The New Mexico Supreme Court published its first opinion of the new year last week. In State v. Garcia, the Court reviewed the conviction of a man for child abuse related to the death of a 14 month old boy. Finding insufficient evidence to support the conviction, the Court reversed. Justice Thomson dissented.
Isaac’s parents frequently let Defendant watch him. One morning, they received a frantic call from Defendant that Isaac had fallen from bed and hit a nightstand. Rather than call 911, Defendant returned the mortally wounded Isaac back to his parents. He also told the parents not to reveal his involvement, claiming that CYFD would investigate the parents if they found out about his involvement. Isaac later died at the hospital.
At trial, the court heard medical testimony from several experts. Several experts testified that Isaac’s injuries were likely caused by him being shaken. One testified that the injuries could not have been caused by shaking alone, and that blunt force trauma from multiple impacts must have been a cause. The experts agreed that delay in treatment reduced Isaac’s chances of survival, but could not testify as to whether he would have lived had he been treated earlier.
The State’s theory at trial was that Defendant had beaten the baby and then denied him care. Accordingly, he was charged with child abuse for allegedly beating Isaac, and child abuse by way of medical neglect. The jury found Defendant not guilty of beating Isaac, but guilty of child abuse by medical neglect, and sentenced him to life imprison. Because of the life sentence, Defendant’s appeal was taken directly to the supreme court.
Defendant argued that his conviction for child abuse by endangerement was not supported by sufficient evidence. Insufficient evidence arguments are difficult to win, and opinions finding the evidence insufficient are therefore uncommon.
Medical neglect is not defined by the child abuse statute, but the courts have defined it as the failure to provide medical, dental, or psychiatric care that is necessary to prevent or to treat serious physical or emotional injury or illness. It is a viable theory of child abuse so long as it is supported by the evidence.
The test for sufficiency of the evidence is whether substantial evidence of either a direct or circumstantial nature exists to support a verdict of guilty beyond a reasonable doubt with respect to every element essential to a conviction. Evidence is viewed in the light most favorable to the conviction. This standard is very deferential to the jury’s verdict while still ensuring that the verdict is supported by evidence, not conjecture.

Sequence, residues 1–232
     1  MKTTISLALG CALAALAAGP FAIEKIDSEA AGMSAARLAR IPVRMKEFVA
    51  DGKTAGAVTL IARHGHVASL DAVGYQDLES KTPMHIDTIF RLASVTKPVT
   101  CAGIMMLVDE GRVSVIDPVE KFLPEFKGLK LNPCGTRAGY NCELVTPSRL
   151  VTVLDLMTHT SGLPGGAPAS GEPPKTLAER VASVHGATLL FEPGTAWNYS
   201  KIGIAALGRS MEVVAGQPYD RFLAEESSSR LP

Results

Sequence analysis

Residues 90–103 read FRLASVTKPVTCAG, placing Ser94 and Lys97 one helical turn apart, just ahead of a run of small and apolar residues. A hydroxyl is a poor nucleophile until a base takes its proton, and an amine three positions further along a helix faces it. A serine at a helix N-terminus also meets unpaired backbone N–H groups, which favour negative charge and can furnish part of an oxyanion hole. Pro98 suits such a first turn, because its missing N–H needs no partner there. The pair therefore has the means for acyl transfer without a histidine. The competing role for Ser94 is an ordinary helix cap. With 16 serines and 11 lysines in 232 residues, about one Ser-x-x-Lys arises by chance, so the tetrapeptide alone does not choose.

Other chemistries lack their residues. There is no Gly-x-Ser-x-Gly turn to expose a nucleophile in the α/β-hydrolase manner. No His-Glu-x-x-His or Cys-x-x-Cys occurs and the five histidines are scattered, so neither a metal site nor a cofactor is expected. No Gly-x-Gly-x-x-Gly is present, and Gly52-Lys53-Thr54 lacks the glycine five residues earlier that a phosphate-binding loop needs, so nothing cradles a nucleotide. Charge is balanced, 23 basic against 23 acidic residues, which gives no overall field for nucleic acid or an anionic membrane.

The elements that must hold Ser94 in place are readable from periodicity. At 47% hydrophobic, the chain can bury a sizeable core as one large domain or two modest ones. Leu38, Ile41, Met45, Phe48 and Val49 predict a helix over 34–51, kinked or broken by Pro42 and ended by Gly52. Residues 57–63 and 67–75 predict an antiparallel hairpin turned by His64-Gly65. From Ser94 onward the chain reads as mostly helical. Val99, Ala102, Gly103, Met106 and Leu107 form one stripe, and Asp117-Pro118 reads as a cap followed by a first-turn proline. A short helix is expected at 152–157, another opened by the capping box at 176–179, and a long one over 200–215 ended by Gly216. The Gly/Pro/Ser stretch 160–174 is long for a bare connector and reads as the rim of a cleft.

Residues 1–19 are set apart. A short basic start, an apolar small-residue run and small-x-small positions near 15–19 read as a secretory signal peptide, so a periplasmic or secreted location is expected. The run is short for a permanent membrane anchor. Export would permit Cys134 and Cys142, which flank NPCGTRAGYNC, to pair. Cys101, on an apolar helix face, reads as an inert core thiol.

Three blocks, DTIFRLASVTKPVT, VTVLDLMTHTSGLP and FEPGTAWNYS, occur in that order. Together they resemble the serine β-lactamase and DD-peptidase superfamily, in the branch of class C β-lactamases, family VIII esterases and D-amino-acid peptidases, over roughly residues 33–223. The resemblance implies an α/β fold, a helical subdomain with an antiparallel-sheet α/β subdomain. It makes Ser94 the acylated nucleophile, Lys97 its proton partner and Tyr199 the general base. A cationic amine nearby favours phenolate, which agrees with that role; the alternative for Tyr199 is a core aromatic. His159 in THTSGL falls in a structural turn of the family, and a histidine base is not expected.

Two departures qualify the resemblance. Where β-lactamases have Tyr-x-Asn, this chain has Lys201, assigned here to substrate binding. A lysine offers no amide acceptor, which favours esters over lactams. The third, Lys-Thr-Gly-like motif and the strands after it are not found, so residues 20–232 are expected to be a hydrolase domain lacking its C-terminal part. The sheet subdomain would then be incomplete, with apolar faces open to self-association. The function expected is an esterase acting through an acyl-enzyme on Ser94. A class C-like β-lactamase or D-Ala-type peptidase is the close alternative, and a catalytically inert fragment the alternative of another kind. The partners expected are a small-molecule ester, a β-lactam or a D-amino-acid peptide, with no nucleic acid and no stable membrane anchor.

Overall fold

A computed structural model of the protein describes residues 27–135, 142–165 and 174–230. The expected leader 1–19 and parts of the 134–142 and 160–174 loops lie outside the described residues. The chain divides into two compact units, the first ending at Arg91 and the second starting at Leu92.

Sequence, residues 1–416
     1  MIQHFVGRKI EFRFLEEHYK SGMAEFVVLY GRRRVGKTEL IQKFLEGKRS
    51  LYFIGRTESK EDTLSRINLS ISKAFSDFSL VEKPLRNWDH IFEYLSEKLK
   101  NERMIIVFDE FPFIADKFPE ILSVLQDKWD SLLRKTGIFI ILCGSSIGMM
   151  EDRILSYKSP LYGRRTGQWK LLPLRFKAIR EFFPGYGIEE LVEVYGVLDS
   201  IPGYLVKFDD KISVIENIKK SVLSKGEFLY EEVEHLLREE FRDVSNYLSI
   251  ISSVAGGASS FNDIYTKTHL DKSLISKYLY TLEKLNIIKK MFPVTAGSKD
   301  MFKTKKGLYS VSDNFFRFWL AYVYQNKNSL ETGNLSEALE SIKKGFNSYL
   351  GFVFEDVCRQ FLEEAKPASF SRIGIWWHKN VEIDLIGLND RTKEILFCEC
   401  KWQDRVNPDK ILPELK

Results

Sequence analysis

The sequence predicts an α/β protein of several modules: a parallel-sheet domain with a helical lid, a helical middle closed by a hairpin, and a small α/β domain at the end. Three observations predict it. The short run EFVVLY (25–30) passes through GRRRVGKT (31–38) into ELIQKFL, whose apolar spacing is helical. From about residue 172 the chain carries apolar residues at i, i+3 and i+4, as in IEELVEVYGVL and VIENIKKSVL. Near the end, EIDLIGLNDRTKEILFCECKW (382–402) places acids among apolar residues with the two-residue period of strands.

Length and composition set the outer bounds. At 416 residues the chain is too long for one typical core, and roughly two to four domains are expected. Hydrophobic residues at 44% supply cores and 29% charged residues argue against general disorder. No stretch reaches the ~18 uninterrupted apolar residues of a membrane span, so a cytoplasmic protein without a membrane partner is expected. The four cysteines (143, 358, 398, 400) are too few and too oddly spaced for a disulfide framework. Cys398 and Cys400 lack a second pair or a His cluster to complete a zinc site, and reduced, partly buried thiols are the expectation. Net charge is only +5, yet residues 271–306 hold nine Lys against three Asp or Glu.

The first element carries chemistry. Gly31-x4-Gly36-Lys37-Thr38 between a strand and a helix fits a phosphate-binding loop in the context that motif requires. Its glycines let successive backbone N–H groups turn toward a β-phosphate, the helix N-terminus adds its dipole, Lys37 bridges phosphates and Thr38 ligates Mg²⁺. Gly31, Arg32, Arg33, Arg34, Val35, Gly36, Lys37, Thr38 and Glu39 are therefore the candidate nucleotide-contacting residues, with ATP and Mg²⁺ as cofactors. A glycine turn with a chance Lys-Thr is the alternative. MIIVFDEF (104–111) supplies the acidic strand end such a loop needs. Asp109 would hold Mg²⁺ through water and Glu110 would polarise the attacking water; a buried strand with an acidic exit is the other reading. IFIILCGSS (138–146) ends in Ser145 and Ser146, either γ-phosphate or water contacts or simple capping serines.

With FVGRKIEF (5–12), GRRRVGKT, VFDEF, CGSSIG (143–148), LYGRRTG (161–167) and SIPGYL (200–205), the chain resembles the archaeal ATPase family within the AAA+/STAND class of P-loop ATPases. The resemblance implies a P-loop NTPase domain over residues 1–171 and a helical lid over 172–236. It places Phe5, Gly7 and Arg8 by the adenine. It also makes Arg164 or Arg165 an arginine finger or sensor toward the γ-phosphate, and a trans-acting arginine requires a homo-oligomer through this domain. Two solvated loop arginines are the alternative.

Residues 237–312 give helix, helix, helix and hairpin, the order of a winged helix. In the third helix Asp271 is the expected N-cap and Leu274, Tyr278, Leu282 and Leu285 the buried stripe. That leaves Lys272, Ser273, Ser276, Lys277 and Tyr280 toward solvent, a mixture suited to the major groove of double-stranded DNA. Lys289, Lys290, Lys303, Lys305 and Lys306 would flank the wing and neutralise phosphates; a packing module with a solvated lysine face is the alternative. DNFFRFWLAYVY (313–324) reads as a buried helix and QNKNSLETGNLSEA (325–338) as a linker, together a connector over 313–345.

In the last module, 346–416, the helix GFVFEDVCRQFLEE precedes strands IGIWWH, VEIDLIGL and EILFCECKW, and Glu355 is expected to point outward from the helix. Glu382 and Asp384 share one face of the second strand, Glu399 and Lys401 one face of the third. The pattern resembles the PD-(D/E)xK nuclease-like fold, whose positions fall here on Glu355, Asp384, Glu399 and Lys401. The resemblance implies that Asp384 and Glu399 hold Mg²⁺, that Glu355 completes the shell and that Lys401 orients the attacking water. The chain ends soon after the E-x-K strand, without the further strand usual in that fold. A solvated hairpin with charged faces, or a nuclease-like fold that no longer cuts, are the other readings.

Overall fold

Looking at the evidence, the Court concluded that there was not sufficient evidence to prove that the neglect had caused Isaac’s death. The State was required to prove that Isaac would not have died or would have had a “significantly greater chance of living” if Defendant had called 911. Multiple experts had testified that the child died because its injuries prevented it from breathing. That type of injury proceeds rapidly. And no expert would say that Isaac would have lived with earlier medical care. Ultimately, the Court found that lack of expert testimony to be fatal to the State’s case.
Justice Thomson wrote separately, concurring in part and dissenting in part. He believed that the majority had imposed a higher causation standard on child abuse by medical neglect than was applicable to other crimes.
The dissent argues that the correct standard is that “a defendant may be a ‘but-for’ cause if that defendant’s neglect is a “significant cause” of death.” It seems to reject the majority’s reasoning that a cause cannot be a “but for” cause unless the victim would have died but for that cause. This strikes me as untenable. By definition, a cause cannot be a “but for” cause unless without it the victim would have died.
The dissent proceeds to explain Justice Thomson’s view that there was sufficient evidence to convict, but that errors in the jury instructions on causation require a retrial. Because the majority had concluded that the evidence was not sufficient, it had not reached the jury instruction question.
Although the dissent seems concerned that this decision alters more than just child abuse / medical neglect law, I think this case ultimately affirms existing causation standards. In the future, the State will need expert testimony showing but-for causation in medical neglect cases. This is probably the right policy result as well, since the contrary result seems like it would expand criminal liability greatly.
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